Sindh has opposed the levying of the cotton standardisation fee without the payment of premium to cotton producers and ginners.
The cotton standardisation fee (CSF) was proposed to be levied at the ginning stage in October by the federal textile ministry. However, it required the secretaries of Sindh and Punjab agriculture departments to link the renewal of the working licences of cotton ginning factories with a CSF payment of Rs5 per bale at the original rate.
The ministry is not only interested in restoring the CSF — which was earlier suspended for one season under the clean cotton programme — but also plans to raise it to Rs20. It also intends to recover Rs316.91m of CSF dues from ginners for the 2008-09 and 2012-13 seasons.
In October, the federal ministry expressed its concern to the Sindh agriculture department regarding high contamination levels and lack of required grading. Standardisation — an issue of proper packaging of cotton bales — would only be resolved once ginners are made to avail the services of the Pakistan Cotton Standardisation Institute (PCSI) while paying the CSF.
The PCSI, it says, has so far been able to train barely 203 cotton classers and 2,247 cotton selectors in Multan, Sukkur and Karachi due to lack of cooperation from the ginners. Despite being the fourth largest cotton producer, Pakistan still does not have a uniform cotton grading and standardisation system.
According to Federal Cotton Commissioner Dr Khalid Abdullah, the decision over the CSF would be taken after consultation, as the government doesn’t want to disadvantage any sector. Practically, he said, the CSF would start at the stage of picking, if growers could ensure picking of contaminant-free cotton, to get a better price from ginners, who would then produce quality lint cotton to be sold to textile millers after adding the cost.
“This would develop a value chain and create a win-win situation for all,” he asserts, and argues that the payment of Rs5 per bale translates into Re1 per maund/37kg, as a bale is equivalent to 170kg of phutti.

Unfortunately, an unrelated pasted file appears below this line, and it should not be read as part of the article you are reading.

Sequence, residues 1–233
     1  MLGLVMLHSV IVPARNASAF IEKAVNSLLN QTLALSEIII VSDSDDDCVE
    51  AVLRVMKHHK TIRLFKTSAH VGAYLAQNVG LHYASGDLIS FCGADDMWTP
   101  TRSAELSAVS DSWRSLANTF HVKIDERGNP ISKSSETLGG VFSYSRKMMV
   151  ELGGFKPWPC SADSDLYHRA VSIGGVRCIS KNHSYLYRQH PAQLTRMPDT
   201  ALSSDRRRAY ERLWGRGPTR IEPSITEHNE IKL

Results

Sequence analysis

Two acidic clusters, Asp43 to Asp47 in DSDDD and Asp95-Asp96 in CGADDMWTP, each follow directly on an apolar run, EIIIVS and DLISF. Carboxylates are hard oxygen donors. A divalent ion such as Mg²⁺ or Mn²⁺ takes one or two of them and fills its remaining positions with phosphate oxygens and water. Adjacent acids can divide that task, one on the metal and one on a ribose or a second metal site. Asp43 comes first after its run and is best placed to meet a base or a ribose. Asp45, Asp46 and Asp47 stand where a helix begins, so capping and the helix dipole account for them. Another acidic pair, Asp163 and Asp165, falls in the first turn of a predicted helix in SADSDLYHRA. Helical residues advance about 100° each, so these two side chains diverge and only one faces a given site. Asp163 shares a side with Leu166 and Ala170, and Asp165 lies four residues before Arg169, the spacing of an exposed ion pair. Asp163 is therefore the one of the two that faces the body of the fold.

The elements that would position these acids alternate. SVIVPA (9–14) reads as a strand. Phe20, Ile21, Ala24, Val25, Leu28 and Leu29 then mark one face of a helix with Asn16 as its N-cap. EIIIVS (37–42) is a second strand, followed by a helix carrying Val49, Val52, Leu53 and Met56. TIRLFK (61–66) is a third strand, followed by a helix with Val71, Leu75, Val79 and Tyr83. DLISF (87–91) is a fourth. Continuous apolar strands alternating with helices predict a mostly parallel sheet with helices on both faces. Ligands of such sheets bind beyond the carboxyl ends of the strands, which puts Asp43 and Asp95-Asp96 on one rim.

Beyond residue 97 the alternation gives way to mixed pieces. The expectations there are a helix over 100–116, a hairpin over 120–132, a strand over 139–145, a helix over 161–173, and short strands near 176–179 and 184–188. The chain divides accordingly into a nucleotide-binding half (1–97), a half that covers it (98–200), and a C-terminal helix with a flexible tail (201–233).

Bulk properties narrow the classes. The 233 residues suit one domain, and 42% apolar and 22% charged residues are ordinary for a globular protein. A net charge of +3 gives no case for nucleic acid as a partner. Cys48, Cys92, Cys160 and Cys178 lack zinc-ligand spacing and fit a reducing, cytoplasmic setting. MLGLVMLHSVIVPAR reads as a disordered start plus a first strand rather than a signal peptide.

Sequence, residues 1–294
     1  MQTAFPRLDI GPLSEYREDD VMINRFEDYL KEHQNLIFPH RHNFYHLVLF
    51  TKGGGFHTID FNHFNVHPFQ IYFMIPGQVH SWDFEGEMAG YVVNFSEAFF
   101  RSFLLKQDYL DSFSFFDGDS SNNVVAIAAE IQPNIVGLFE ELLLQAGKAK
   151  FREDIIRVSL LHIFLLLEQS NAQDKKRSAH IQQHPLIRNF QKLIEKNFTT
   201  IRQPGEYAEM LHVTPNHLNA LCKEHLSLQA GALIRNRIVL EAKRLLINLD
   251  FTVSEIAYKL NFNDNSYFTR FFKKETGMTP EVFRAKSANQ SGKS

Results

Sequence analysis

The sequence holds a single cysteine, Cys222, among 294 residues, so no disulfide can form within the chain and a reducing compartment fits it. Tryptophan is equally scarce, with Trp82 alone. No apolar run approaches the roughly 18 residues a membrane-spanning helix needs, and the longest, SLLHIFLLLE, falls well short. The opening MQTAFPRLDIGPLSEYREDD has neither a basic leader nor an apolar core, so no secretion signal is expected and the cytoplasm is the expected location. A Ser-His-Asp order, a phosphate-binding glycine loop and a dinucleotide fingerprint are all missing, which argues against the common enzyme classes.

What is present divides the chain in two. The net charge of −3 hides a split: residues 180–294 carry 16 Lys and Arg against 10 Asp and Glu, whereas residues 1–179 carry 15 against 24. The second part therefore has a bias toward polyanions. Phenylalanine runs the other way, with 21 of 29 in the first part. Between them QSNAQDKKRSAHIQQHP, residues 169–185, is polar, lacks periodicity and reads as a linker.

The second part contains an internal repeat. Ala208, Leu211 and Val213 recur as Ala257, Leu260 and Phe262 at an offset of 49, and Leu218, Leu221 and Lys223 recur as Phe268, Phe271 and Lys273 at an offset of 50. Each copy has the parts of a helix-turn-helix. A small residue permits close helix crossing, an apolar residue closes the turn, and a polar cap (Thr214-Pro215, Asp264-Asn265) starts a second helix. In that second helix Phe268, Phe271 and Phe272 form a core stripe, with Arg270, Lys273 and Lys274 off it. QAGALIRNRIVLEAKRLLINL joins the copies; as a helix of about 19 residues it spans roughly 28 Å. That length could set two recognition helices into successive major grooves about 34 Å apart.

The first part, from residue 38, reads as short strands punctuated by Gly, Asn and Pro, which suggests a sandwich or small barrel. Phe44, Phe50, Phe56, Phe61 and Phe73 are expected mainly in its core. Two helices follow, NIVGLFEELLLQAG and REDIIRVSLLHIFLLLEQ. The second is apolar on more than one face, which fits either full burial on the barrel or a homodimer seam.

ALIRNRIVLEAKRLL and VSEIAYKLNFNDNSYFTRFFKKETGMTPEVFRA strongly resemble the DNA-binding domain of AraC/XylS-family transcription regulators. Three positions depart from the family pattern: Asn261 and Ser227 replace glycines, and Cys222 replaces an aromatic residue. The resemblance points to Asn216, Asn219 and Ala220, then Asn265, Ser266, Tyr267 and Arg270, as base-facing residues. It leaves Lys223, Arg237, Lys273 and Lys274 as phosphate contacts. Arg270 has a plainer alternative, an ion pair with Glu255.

The CSF was imposed to meet the international market’s requirements of clean cotton and arrest the declining trend in export prices. Its parameters were to be ensured by the PCSI, which was established in 2002.
But it did not turn out as simple as it was then deemed. Neither the ginners, growers, nor the Sindh government felt that it could be implemented in letter and spirit. Agriculture officials and growers pointed out that considering the manual picking of cotton, the chances of mixture of trash in seed cotton could not be ruled out.
Growers tried their best to ensure the picking of clean seed cotton for ginners. The provincial agriculture department had banned the use of hessian bags for transportation of seed cotton when the programme was launched. Such bags contaminate cotton.
Besides, training was given to cotton pickers. And growers complain that ginners cut the price during the weighing of the cotton crop. Growers bear the additional labour charges for ensuring contaminant-free seed cotton, but don’t get any advantage from it.
Some factories were selected in Punjab and Sindh where contaminant-free cotton bales were produced. The programme continued for two seasons. Then, its recovery was suspended as the ginners went on strike in 2008 against the CSF. For two seasons, Rs1.089m were recovered under the CSF from 18 ginning factories in 2006-07 and Rs198,305 from just two factories in 2007-08 in Sindh.
Quality premium (Rs50 per maund for growers) was given for the two seasons in some districts on an experimental basis when the CSF was first introduced. The total premium was calculated on a 50-50 sharing basis at Rs70m. It was meant for production of an estimated 100,000 clean grade-I/II bales of cotton after ginning 1.4m maunds of clean seed cotton of grade-II or above. It was paid for by the federal and the Sindh and Punjab governments as per their share. Sindh deposited its share of Rs10.5m.
Former Pakistan Cotton Ginners Association (PCGA) chairman Mahesh Kumar says if ginners pay the CSF of Rs5 per bale, they would add it in their purchase price of phutti and transfer it to growers instead of millers. The millers, he says, are not willing to buy and raise quality.
Cotton producers like Mahmood Nawaz Shah also feel such decisions are taken to the farmers’ detriment by a weak regulatory set up. However, farmers, in principle, support that quality standards and parameters must be ensured, considering the competitive market’s needs.
Considering these factors, the Sindh government has proposed to the federal textile ministry that the burden of CSF should not be passed on to growers in any manner. The clean cotton programme could be linked with the payment of quality premium to growers, which would eventually and automatically resolve the CSF issue. It also seeks a mechanism for payment of this premium to ginners after taking all stakeholders on board, and imposing the CSF from the next season.
Published in Dawn, Economic & Business, December 22th , 2014